Viking Tactics and M&P markings are boldly displayed on the right sight of the lower receiver. For greater precision, Smith & Wesson chose to install a Geissele Super-V trigger, which was crisp, predictable, and had a sharp reset. Its average pull weight was just over 5 pounds.
The M&P15 line of rifles was a bit of a surprise to me when Smith & Wesson first offered them. An associate had once opined that if he had the money, he’d have purchased Smith & Wesson and begun with a line of AR-15 rifles. At the time, the field wasn’t so crowded and there was pent-up demand from the Clinton Gun Ban. Since then, anyone who has access to shop space and an instruction book can and has assembled parts. Meanwhile, S&W has delved deeply into the AR-style rifle by pulling some outside ideas in, like the Adams Arms piston system, and by making their own components, thereby using more of the expansive manufacturing space they have available.
Aside from sights and a light, the S&W M&P15 VTAC II comes with everything you need—even a sling and light mount. Shown with a Trijicon 4×32 ACOG with Docter sight, SureFire Scout Light and Atlas bipod.
In any event, S&W is unquestionably a major player in the AR market, continuing to expand their listings of product as well as market share. It seems that the current trend is to get “someone” to design an AR for you—the more Special Operations experience in the designer’s background, the better off you are. One such venture was the S&W M&P15 VTAC rifle. A collaboration between noted Army Special Operations SGM Kyle Lamb and S&W, the VTAC made use of some of the best parts available at the time from JP Enterprises, SureFire and Lamb’s own Viking Tactics (VTAC). It was immensely popular. Apparently, they felt things had changed enough in the field of components to advance the ball further down the field with a new edition, the VTAC II.
To start with, the new rifle would utilize a different gas impingement system than the original carbine, a so-called “mid-length” gas system. Around for years, many generally avoided it for the lack of handguards to cover such a system. Besides, the original gas system works, right? Well, it can. It’s rough on extraction for one thing. It’s an abrupt system. When you have components best used in the 20-inch rifle format used in the 16-inch-and-less carbine format, you end up with short-lived parts and failures to extract, especially as operating temperatures increase.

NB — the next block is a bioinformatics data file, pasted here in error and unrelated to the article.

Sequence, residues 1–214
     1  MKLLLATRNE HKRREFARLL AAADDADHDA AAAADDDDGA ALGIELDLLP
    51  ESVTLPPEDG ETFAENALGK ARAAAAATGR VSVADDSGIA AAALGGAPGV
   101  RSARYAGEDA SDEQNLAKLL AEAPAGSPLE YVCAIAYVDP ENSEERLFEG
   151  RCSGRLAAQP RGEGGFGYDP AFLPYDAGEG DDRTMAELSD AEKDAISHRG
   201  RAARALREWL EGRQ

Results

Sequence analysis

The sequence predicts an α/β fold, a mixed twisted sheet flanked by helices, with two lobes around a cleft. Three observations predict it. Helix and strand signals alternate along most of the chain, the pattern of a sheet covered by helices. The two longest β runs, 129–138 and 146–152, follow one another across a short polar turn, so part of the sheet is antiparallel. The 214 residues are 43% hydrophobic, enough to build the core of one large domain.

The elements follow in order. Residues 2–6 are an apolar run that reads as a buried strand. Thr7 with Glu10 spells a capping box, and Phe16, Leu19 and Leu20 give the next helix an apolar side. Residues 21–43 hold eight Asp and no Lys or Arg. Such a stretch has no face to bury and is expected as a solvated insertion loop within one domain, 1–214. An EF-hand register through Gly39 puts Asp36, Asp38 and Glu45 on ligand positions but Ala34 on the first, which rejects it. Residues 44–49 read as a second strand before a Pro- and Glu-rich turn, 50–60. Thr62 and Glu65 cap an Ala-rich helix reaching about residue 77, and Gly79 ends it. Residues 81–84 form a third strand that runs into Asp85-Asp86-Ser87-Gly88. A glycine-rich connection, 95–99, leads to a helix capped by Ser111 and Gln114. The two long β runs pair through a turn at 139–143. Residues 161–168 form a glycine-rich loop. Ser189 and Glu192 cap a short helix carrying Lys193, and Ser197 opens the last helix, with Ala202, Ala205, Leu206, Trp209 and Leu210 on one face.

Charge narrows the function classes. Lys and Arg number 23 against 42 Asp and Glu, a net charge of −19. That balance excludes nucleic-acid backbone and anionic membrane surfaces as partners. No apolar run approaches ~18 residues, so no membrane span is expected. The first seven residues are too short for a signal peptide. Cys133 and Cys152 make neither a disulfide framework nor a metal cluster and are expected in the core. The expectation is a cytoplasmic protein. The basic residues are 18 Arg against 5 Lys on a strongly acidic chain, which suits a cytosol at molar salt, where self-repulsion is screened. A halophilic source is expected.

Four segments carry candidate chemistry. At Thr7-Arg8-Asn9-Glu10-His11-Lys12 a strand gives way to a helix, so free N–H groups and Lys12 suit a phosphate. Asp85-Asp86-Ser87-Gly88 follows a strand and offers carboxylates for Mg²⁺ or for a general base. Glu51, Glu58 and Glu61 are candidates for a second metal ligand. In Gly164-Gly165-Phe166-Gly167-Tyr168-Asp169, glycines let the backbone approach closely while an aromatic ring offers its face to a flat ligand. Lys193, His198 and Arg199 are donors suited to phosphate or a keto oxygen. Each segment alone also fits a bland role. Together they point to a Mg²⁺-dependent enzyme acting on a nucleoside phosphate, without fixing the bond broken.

My first AR carbine used a mid-length gas system. I didn’t know any better. People who shot it “oooed and ahhed” over how “softly” the system shot. It was simply a better system for the 16-inch gun—better balanced in operational cadence and gas flow. The mid-length VTAC II features a 16-inch barrel made from 4150 CMV steel with a 1-in-8-inch twist rate. S&W’s 5R rifling came from their Thompson/Center acquisition.
The idea of 5R rifling is to use five lands and grooves instead of the traditional six lands and grooves. In addition, the sides of each land are cut at a 65-degree angle versus the 90-degree angle on standard rifling. In effect, this causes less bullet deformation and fouling. With 5.56mm rounds, the heavier bullets require a faster rate of twist, hence the one turn in 8 inches of the VTAC II.
The barrel, bore and chamber are all Melonite treated. S&W has been testing Melonite barrels with the intent of destroying them. So far, the Melonite barrels are still going. The barrel is covered by the VTAC/Troy Extreme TRX handguard. It’s light and reasonably skinny. The venting/lightening holes are elongated in the horizontal plane from the muzzle to the buttstock. For mounting goodies, Picatinny rail sections can be mounted in the cooling slots. The top rail runs the length of the handguard. The M&P15 VTAC II comes supplied with a pair of mounting rails.
Smith & Wesson also anointed the new VTAC II with a new flash suppressor. This one was made to direct blast and sound forward, away from the shooter, while cutting visible flash. The VTAC II also comes with the Vltor IMod six-position collapsible stock. Coming from a great name in the modern sporting rifle market, the stock extends the rifle to a maximum of 36.75 inches and collapses it to 33.5 inches.
The M&P15 VTAC II is shipped with a Geissele Super-V trigger installed. A premium trigger I’d never gotten to try until now, I’d heard military types praise the Geissele trigger even on rifles used in the rigors of battle. The supplied trigger was firm and had a sharp reset. It was clean, grit-free and allows for precision. My Timney trigger pull gauge showed an average trigger pull of just over 5 pounds for 10 tries.
Viking Tactics also designed the Low Profile Sling Mount (LPSM) that comes with the VTAC II. As the name implies, the LPSM hugs in close and prevents another snag point. It’s made for the Heavy Duty Quick Detach (HQD) swivel. The HQD snaps in, and the mount limits its rotation. The LPSM attaches to the Mil-Std-1913 rail.
Since Kyle Lamb markets a sling, it is a natural item to supply with his branded rifle. The sling is the padded two-point tactical sling, made for carry comfort and quick adjustment. The VTAC light mount is also provided, as well as a 30-round PMAG magazine. The light mount has an insert for lights the size of the SureFire Outdoorsman. For larger lights like the G2, you’ll have to remove the insert to install the light.